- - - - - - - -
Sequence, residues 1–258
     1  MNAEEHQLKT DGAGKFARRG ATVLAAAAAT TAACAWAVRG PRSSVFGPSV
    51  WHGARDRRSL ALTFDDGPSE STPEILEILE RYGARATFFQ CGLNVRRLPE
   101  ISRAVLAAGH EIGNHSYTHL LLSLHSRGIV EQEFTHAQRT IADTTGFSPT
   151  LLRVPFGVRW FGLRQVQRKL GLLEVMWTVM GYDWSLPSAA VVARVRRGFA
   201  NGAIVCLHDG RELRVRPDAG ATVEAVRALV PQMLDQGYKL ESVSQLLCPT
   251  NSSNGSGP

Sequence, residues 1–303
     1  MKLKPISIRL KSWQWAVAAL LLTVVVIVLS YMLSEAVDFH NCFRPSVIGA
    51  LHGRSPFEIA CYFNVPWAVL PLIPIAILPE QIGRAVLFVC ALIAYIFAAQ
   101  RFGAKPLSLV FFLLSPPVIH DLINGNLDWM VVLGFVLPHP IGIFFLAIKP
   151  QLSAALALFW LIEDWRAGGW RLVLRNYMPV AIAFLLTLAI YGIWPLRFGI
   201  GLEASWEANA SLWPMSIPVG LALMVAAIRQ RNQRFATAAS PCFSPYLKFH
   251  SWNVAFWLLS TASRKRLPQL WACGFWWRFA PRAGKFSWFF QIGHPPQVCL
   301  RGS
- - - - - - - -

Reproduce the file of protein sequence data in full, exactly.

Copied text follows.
Sequence, residues 1–258
     1  MNAEEHQLKT DGAGKFARRG ATVLAAAAAT TAACAWAVRG PRSSVFGPSV
    51  WHGARDRRSL ALTFDDGPSE STPEILEILE RYGARATFFQ CGLNVRRLPE
   101  ISRAVLAAGH EIGNHSYTHL LLSLHSRGIV EQEFTHAQRT IADTTGFSPT
   151  LLRVPFGVRW FGLRQVQRKL GLLEVMWTVM GYDWSLPSAA VVARVRRGFA
   201  NGAIVCLHDG RELRVRPDAG ATVEAVRALV PQMLDQGYKL ESVSQLLCPT
   251  NSSNGSGP

Sequence, residues 1–303
     1  MKLKPISIRL KSWQWAVAAL LLTVVVIVLS YMLSEAVDFH NCFRPSVIGA
    51  LHGRSPFEIA CYFNVPWAVL PLIPIAILPE QIGRAVLFVC ALIAYIFAAQ
   101  RFGAKPLSLV FFLLSPPVIH DLINGNLDWM VVLGFVLPHP IGIFFLAIKP
   151  QLSAALALFW LIEDWRAGGW RLVLRNYMPV AIAFLLTLAI YGIWPLRFGI
   201  GLEASWEANA SLWPMSIPVG LALMVAAIRQ RNQRFATAAS PCFSPYLKFH
   251  SWNVAFWLLS TASRKRLPQL WACGFWWRFA PRAGKFSWFF QIGHPPQVCL
   301  RGS